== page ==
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Sanctions against Russia effective - US Treasury Secretary

U.S. Treasury Secretary Jack Lew said the sanctions imposed against Moscow in connection with Ukrainian events have been taking a toll.

Since sanctions have been imposed, "all of the major indicators show Russia's economy heading in a bad direction."

"Their exchange rate is down. The value of the rouble is down. The equity flight is real. The value of the stock exchange is down," Lew said in an interview with Bloomberg TV on Friday, adding that "we're going to keep that pressure on."

The official said the purpose of these steps is "to get President Putin to change Russia's policy."

"We've made clear that if they continue on the path they're on, we will take additional steps," the Treasury Secretary said.

"We have acted to target people in the Russian government, senior executives, CEOs who run some of the largest manufacturing firms in Russia, who are very close to the government," he said. "And we have sanctioned a bank, making it clear that we are prepared to go farther down this path should we need to."

On April 28, the United States announced new sanctions against seven Russian officials and 17 companies in connection with events in Ukraine. These include freeze of assets that can be under Washington's jurisdiction or visa denials.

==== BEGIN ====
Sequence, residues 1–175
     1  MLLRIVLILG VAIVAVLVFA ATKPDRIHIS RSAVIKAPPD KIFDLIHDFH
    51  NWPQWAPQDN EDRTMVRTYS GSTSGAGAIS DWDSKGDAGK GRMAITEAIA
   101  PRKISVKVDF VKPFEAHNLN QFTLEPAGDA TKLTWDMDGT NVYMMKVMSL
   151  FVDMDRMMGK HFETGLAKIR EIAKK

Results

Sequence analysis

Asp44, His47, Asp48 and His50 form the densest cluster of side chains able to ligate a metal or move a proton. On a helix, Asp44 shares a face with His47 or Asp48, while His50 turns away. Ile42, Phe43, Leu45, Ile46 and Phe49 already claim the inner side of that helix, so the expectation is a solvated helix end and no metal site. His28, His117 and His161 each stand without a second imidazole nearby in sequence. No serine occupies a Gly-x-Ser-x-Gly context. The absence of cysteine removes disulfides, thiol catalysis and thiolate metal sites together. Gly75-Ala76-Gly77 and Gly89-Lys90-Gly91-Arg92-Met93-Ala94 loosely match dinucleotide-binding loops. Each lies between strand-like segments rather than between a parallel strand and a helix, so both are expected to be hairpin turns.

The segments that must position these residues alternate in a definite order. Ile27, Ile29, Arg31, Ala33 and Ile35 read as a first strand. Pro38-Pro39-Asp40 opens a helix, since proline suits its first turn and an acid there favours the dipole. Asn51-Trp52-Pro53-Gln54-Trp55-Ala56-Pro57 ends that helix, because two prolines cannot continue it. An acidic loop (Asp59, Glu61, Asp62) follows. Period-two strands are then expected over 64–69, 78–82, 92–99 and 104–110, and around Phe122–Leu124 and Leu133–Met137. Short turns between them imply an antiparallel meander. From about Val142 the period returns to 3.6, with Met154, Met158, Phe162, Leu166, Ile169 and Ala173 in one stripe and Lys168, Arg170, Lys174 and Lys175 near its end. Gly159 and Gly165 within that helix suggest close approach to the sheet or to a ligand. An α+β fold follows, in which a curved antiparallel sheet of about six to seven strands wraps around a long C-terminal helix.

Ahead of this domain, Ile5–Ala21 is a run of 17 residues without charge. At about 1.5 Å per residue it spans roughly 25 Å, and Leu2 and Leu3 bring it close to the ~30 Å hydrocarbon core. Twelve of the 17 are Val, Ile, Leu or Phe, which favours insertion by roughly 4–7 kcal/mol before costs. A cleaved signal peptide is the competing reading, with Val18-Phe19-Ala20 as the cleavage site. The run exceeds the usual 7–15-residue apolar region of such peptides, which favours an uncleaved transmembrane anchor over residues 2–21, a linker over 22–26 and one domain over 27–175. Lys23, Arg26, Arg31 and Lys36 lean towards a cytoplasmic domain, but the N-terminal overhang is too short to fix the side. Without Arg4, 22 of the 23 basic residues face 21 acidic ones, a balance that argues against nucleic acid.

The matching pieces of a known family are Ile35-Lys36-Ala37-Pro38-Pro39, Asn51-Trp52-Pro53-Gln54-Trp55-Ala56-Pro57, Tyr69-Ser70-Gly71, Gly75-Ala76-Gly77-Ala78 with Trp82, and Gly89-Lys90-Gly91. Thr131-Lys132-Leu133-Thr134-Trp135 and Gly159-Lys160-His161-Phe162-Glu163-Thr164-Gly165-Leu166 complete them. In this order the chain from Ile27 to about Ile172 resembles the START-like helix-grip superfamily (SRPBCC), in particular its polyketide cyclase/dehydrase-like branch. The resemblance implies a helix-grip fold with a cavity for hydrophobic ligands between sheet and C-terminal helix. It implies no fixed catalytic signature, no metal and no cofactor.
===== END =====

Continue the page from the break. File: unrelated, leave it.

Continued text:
On Thursday, Russian Foreign Ministry spokesman Alexander Lukashevich said Moscow would not leave the American and Canadian sanctions against Russian officials and companies without response.

"We definitely don't leave such unfriendly actions without response," Lukashevich said when asked whether Moscow would react to additional sanctions imposed by the United States and Canada on April 28 and to an extension of the sanctions list by Canada on May 4.

"In the past, US visa and financial sanctions imposed under the pretext of the tragic death of lawyer Sergey Magnitsky [in prison] met a fast symmetrical response: American high-ranking officials involved in torture and creation of special prisons [Guantanamo list], as well as persecution of compatriots and adopted children from Russia, were put on the Russian stop-list," he said.

"And when the American side closed entry on March 17 to a number of our officials, including Federal Assembly deputies, for assisting the referendum in Crimea, the response Russian list was made public already March 20. Four days later, reacting to Canada's sanctions twists, we announced similar measures against Ottawa," Lukashevich said.

He said the blacklists had later been extended. "But we did not seek a greater amount nor did we organize a show, unlike Americans and Canadians," he said.

"Sanctions are not our method, but unfriendly actions force us to give a rebuff," Lukashevich said. "The latest sanctions-related 'creative activity' of Washington and Ottawa is not an exception.

[Source: Ria Novosti, New York, 10May14]

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